With holidays, birthdays, anniversaries, President’s Day sales we can sometimes forget that having things is a lot of work. We always want new things, and then we later regret that we own those things, because we feel controlled by owning those items. So here is a story I have were something I owned began to own me.
It all started at a friend’s house where he had an old motorcycle in the corner of his garage that hadn’t been ridden in about four years. I had always dreamed of a motorcycle my entire childhood, so I asked him if he never rode it why did he still have it? Then without a thought, I just asked if I could have it. He thought for a second, and replied, “Ok, but the title is in my deceased brother’s name.” That’s easy I thought and took the motorcycle home. I had no license to operate it, and technically I didn’t own it yet, so I spent $200 on a mandatory class on motorcycle safety and how to drive one. Then I spent $100 for an all right helmet, and another $68 at the DPS for the license. I still didn’t own the motorcycle because the tax office needed proof of a person who died seven years ago in Alaska existed and that his brother just gave me the motorcycle valued at $300 (It was a 1978 Honda). After, a small tax bill, administrative fees, and some other fees I paid $80 and finally after 4 months could ride the motorcycle I got for free, legally. The weather was nice by then and I rode everyday after work for about 2 weeks. Then it got too hot, but I felt like I had to ride the motorcycle every week, since it was there. Then the weather was nice again in the fall and I rode to work some, but I didn’t enjoy it very much. As winter approached, I learned that I had to drain and winterized the motorcycle of gas and certain fluids. I didn’t know what I was doing and gummed up the carburetor to the point where it cost me $175 and then it needed new tires for another $200. Again, I felt obligated to ride the motorcycle as often as possible. It got to the point where the open road was so forced I was riding angry, so I finally smartened up and sold the dang thing for $450 and it stopped running again just before the sale. So, I paid a neighbor $50 to help me out to get it sold. AAHHHH!!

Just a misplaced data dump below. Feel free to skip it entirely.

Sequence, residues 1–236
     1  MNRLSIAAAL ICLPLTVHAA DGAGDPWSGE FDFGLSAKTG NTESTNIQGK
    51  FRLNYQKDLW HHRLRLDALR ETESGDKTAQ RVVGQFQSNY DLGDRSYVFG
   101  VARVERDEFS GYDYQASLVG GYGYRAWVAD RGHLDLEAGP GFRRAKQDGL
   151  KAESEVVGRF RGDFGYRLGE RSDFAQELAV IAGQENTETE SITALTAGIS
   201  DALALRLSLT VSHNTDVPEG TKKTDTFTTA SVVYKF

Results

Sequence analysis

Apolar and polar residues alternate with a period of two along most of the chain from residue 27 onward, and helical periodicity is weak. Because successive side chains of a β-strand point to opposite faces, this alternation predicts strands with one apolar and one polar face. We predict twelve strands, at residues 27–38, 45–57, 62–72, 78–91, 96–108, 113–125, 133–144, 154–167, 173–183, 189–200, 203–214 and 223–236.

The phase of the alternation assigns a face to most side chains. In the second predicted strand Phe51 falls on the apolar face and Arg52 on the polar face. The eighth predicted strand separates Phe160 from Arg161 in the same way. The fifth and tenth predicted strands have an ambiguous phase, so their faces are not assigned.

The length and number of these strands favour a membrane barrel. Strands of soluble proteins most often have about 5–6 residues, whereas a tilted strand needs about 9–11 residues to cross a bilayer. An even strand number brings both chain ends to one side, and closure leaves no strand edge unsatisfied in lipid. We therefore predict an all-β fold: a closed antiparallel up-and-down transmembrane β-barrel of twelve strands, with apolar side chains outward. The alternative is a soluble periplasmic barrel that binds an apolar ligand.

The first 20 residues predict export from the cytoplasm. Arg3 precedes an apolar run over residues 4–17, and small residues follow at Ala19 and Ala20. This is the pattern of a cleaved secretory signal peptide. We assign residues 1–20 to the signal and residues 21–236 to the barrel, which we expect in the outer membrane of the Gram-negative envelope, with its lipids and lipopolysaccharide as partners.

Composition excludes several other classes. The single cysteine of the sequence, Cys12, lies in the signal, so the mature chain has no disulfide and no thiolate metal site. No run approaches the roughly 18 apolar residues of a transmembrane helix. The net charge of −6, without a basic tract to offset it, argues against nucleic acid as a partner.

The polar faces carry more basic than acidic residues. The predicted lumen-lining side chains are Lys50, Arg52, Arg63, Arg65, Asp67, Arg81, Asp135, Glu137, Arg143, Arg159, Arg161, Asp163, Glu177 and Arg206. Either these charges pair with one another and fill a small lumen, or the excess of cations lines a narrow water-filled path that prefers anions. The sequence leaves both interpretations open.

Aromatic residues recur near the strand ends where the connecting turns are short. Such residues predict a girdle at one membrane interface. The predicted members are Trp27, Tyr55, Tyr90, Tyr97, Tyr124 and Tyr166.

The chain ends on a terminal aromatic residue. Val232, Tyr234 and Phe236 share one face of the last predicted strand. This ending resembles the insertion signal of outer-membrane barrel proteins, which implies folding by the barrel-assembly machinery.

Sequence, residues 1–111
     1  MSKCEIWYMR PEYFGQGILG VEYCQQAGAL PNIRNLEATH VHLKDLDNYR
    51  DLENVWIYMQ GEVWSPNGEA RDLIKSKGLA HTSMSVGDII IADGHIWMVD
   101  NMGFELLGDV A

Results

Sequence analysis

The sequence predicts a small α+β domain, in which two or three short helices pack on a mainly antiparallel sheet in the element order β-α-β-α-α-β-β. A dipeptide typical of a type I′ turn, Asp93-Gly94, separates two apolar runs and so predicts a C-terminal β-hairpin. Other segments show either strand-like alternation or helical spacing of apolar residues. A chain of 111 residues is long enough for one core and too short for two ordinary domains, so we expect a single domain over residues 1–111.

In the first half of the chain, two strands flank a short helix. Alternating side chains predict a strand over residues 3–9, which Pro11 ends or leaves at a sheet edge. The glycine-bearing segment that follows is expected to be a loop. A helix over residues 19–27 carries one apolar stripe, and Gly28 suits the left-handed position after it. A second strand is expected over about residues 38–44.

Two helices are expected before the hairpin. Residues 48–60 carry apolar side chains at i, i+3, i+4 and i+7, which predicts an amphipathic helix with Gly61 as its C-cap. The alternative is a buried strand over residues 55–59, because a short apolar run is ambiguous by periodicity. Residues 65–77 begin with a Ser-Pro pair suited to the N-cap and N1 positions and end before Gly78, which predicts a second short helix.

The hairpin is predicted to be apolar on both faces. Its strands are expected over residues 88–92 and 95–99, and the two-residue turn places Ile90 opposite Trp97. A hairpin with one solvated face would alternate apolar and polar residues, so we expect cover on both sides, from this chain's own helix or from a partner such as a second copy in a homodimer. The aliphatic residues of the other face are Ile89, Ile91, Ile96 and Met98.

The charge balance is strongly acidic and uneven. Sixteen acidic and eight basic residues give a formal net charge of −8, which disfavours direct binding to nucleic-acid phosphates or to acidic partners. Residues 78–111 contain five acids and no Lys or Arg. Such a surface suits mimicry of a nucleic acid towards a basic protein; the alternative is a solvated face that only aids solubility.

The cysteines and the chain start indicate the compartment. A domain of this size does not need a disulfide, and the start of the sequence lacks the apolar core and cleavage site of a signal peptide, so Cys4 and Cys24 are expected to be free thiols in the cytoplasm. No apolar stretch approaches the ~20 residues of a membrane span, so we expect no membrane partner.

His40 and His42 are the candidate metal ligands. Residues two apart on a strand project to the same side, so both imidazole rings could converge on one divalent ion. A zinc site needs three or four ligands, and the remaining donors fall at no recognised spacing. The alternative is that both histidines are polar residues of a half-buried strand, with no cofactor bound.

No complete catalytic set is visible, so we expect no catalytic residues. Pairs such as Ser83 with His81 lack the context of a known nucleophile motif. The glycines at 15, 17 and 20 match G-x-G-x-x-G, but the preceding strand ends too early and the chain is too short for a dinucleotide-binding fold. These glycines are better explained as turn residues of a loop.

The moral of the story is simple…sometimes our things begin to own us. I have made this mistake with other items in my life such as the 3 months I had a jet ski and the summer I had a camper. Both began to own me and make me spend on things I usually would have never spent money on. We do this for our cars, houses, sentimental items, and many other items unnecessarily. I felt an incredible relief when each of these items was gone from my life. I felt the weight of the stress they were giving me and once they were sold I felt that stress lessen and eventually vanish from my life.
If you have items in your home of life that own you, get rid of them and begin to feel better! Clean house today, don’t wait another day, and make craigslist your best friend by getting rid of stressors and putting cash in your pocket.